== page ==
‘Beached White Males’: The downturn’s true victims?

Zachary Roth

Are "BWMs" -- Beached White Males -- the real victims of our struggling economy?

Newsweek's new cover story laments the plight of college-educated white men, a traditionally comfortable group hit hard by the Great Recession and its aftermath. "Can manhood survive the lost decade?" it asks.

No doubt, the travails of the BWMs are great. But a broader look at the story of the last few years suggests the special-case sympathies are misplaced.

Newsweek's Rick Marin and Tony Dokoupil report:

Through the first quarter of 2011, nearly 600,000 college-educated white men ages 35 to 64 were unemployed, according to previously unpublished Labor Department stats. That's more than 5 percent jobless—double the group's pre-recession rate. That might not sound bad compared with the plight of younger, less-educated workers and minorities, but it's a historic change from the last recession, when about half as many lost their oxford shirts.

That's true. Past downturns have been far kinder to college-educated white men (fine, we'll call them BWMs). But Newsweek seems to see a broader threat. It touts an "exclusive poll" of unemployed men, finding high levels of depression, fatigue, and even (the shame!) willingness to give one's wife a backrub if she comes home grumpy.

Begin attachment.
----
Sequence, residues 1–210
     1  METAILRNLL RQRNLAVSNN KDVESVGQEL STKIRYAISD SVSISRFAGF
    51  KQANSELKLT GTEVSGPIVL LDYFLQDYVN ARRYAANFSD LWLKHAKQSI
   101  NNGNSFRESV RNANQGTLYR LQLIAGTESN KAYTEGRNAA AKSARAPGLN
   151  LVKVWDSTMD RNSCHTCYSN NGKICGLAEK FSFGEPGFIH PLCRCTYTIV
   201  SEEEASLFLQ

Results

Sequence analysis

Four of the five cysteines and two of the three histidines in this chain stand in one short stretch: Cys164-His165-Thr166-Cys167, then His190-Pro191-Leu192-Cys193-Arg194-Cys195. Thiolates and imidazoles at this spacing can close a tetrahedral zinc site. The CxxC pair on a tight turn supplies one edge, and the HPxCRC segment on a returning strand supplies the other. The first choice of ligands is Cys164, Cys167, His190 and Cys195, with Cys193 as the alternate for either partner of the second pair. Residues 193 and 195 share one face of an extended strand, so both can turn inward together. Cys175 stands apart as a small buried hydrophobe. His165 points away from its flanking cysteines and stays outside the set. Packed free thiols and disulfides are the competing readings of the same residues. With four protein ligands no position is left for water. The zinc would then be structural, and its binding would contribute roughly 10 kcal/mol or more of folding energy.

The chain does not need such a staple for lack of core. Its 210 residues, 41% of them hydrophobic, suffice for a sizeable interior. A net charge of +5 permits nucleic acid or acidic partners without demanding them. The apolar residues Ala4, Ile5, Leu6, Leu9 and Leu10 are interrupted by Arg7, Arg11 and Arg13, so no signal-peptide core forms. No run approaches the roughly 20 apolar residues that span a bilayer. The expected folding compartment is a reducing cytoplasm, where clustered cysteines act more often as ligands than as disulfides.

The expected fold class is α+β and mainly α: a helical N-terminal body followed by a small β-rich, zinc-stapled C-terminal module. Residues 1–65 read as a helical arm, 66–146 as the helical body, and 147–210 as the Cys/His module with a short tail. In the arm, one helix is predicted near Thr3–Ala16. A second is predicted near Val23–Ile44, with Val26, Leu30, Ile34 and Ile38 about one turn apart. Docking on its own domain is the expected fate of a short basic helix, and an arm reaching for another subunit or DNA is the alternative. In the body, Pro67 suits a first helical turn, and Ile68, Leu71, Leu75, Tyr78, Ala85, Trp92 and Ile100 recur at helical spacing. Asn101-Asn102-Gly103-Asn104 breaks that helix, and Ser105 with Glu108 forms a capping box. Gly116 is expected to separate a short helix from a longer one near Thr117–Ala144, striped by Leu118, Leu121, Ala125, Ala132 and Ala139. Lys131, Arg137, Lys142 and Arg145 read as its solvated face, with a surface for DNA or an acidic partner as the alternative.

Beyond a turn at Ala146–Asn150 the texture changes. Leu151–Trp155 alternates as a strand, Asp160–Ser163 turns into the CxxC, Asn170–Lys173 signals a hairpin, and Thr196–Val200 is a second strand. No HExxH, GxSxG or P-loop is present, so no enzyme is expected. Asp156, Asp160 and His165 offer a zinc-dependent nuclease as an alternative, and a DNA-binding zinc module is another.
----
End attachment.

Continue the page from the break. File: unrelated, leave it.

Yes, BWMs have taken a real hit in the job market this time. As Heidi Shierholz of the Economic Policy Institute (EPI) told Newsweek: Middle-aged BWMs are "doing worse than they have at any time since the Great Depression."

But here's the thing: So is everyone. When we called Shierholz to drill down a bit further, she told us that BWMs are "definitely doing better than any group of racial and ethnic minorities, and groups with lower education."

Indeed, unemployment data suggest not only that BWMs are prospering more than most other groups in absolute terms, but also that the downturn hit non-whites harder than whites and those without college degrees harder than those with. In other words, as in past recessions, the groups that were already struggling bore the brunt of the blow.

First, let's consider the absolute terms. Per Newsweek, the jobless rate for BWMs between 35 and 64 is more than 5 percent. But the overall jobless rate is 8.9 percent, meaning unemployment for non-BWMs is likely twice what it is for BWMs. So the numbers don't sound that bad.

But even if BWMs are advantaged over other segments of the population, they might still have taken a bigger hit during the Great Recession and its aftermath. If so, it would perhaps be worth singling them out as cause for special concern.

However, that doesn't seem to hold true either, at least when you look at each BWM sub-group individually.

Let's look at whites first. In the first quarter of 2007 -- before the Great Recession began -- 64 percent of whites were employed, according to numbers compiled by Shierholz and EPI, using Labor Department data. By the first quarter of this year, that had dropped to 59.4 percent, a decline of 4.6 percent. Sounds bad. But in the same period, the equivalent numbers for blacks went from 59 to 52 -- a decline of 7 percent. And Hispanics went from 65.5 to 58.9 -- a drop of 6.6 percent. So not only do blacks and Hispanics have higher current jobless rates than whites, they've also done worse during the downturn.